Author Topic: Repairing HP 1740A  (Read 1345 times)

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Repairing HP 1740A
« on: October 07, 2017, 05:09:37 pm »
I have an old 1740A which was displaying some odd traces at times and a while ago I took the covers off for an inspection and discovered some resistors that been overheating and burnt as well as cracking. I had to order the values as I didn't have the correct wattage ones in my parts bin so today I stripped it down and replaced them. They were on the vertical output board. In the process I also took out the power board to inspect the smoothing caps. On unplugging the secondary taps plug, pin 4 (43v rail) showed signs of overheating as well and investigating this revealed the bridge rectifier had a dodgy joint.

Resoldered the joint and also checked for other dry joints and reflowed those that looked suspect, caps all checked out just fine so reassembled everything and powered up, traces all appeared on the screen but now I'm unable to move them on the vertical position pots and there is no deflection of any sort of the traces in the vertical plane on the screen. Sweep seems to be working just fine.

Checked all the voltages on the test points all were spot on so I pulled out the vertical output board and checked it over, all seems to be normal, new resistors are not overheating etc. Refitted the board and powered up again and checked the board for all supply rails to it, and all were found to be present and spot on again. The resistors that were overheating were R2 and R4 on the attached schematic and R3 was found to within 1 ohm and so was left in situ.

Checking the voltages on Q1 and Q3 I measured 12.6V, 12V but the 0.5v measured 1.1v? I cannot get access to Q2 and Q4 as these sit behind a case strut. This 1.1v feeds directly into the hybrid A5A1 chip, has this been destroyed do you think with the voltage being doubled or can it withstand this as I see that the output voltage to CRT grids can vary between 5v to 30v depending on the vertical position pot.

I attach the schematic for reference and would appreciate any advice or guidance on this please.
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Offline tggzzz

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Re: Repairing HP 1740A
« Reply #1 on: October 07, 2017, 06:31:29 pm »
I have an old 1740A which was displaying some odd traces at times and a while ago I took the covers off for an inspection and discovered some resistors that been overheating and burnt as well as cracking. I had to order the values as I didn't have the correct wattage ones in my parts bin so today I stripped it down and replaced them. They were on the vertical output board. In the process I also took out the power board to inspect the smoothing caps. On unplugging the secondary taps plug, pin 4 (43v rail) showed signs of overheating as well and investigating this revealed the bridge rectifier had a dodgy joint.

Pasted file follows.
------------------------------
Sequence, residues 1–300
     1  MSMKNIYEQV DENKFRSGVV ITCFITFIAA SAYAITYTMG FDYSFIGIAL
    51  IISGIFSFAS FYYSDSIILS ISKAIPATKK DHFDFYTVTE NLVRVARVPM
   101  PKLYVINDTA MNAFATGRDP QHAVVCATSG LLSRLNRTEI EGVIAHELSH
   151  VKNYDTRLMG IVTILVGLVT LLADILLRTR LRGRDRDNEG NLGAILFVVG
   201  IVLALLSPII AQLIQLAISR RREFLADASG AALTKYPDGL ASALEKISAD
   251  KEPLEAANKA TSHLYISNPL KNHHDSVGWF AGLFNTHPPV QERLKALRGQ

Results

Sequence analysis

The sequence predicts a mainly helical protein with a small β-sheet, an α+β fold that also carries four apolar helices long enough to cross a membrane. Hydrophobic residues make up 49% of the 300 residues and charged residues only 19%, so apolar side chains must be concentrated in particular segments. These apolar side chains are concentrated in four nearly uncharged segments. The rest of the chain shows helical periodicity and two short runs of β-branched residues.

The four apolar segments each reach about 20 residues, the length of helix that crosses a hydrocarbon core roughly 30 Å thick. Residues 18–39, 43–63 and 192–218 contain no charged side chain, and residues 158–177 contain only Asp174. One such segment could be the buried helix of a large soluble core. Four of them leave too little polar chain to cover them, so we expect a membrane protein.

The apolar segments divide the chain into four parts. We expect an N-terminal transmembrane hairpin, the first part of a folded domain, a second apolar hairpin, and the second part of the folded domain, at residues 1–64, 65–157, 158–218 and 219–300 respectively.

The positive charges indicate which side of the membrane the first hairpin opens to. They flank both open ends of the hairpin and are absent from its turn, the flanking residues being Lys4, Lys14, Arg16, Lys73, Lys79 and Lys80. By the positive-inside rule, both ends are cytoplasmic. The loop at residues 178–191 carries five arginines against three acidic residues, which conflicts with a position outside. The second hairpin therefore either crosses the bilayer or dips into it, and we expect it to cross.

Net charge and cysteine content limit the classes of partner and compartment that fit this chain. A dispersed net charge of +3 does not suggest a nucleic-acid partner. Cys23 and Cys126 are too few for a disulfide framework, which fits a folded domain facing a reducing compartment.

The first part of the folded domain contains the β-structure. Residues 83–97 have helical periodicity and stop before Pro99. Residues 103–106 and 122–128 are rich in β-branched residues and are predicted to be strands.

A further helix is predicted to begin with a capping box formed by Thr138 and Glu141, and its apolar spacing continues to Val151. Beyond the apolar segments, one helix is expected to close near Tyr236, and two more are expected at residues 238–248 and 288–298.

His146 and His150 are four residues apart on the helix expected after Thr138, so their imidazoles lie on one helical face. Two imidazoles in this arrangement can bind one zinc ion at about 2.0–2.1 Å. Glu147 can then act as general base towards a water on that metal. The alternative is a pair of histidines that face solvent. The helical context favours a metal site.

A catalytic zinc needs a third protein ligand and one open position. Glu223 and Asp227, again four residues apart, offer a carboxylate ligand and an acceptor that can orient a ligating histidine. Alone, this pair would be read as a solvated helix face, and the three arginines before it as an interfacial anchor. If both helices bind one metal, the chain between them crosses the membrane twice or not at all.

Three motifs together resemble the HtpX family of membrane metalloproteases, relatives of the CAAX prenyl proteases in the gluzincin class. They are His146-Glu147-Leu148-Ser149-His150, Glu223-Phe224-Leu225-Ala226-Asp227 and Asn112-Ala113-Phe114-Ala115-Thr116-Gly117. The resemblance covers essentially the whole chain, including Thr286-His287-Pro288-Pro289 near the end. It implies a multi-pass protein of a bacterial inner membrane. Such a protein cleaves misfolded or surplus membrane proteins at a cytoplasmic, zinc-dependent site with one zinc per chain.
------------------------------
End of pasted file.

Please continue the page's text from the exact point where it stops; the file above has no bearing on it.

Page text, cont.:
Resoldered the joint and also checked for other dry joints and reflowed those that looked suspect, caps all checked out just fine so reassembled everything and powered up, traces all appeared on the screen but now I'm unable to move them on the vertical position pots and there is no deflection of any sort of the traces in the vertical plane on the screen. Sweep seems to be working just fine.

Checked all the voltages on the test points all were spot on so I pulled out the vertical output board and checked it over, all seems to be normal, new resistors are not overheating etc. Refitted the board and powered up again and checked the board for all supply rails to it, and all were found to be present and spot on again. The resistors that were overheating were R2 and R4 on the attached schematic and R3 was found to within 1 ohm and so was left in situ.

Checking the voltages on Q1 and Q3 I measured 12.6V, 12V but the 0.5v measured 1.1v? I cannot get access to Q2 and Q4 as these sit behind a case strut. This 1.1v feeds directly into the hybrid A5A1 chip, has this been destroyed do you think with the voltage being doubled or can it withstand this as I see that the output voltage to CRT grids can vary between 5v to 30v depending on the vertical position pot.

That last paragraph should be taken out and shot. I can't tell what you are asking, observing on the schematic, and observing in the circuit.

First thing is to check all the PSU rails voltage and ripple; fix if necessary.

You don't describe the oddness of the traces nor whether they are still odd.

The voltages all along the deflection chain are differential, but are not symmetrical with respect to ground. Hence if the voltage on one side changes by +1V, the voltage on the other side should change by -1V. When the deflection is zero the voltages on each side should be the same (i.e. zero difference => zero deflection).

The hybrid doesn't "care" about what the voltages are w.r.t. ground. All it cares about is the voltages across its pins.
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Re: Repairing HP 1740A
« Reply #2 on: October 07, 2017, 06:47:27 pm »
Same unit as this one ?
https://www.eevblog.com/forum/testgear/hp-1740a-on-the-bench-help-please/

Why did you start another thread ?  :-//
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Re: Repairing HP 1740A
« Reply #3 on: October 07, 2017, 07:25:29 pm »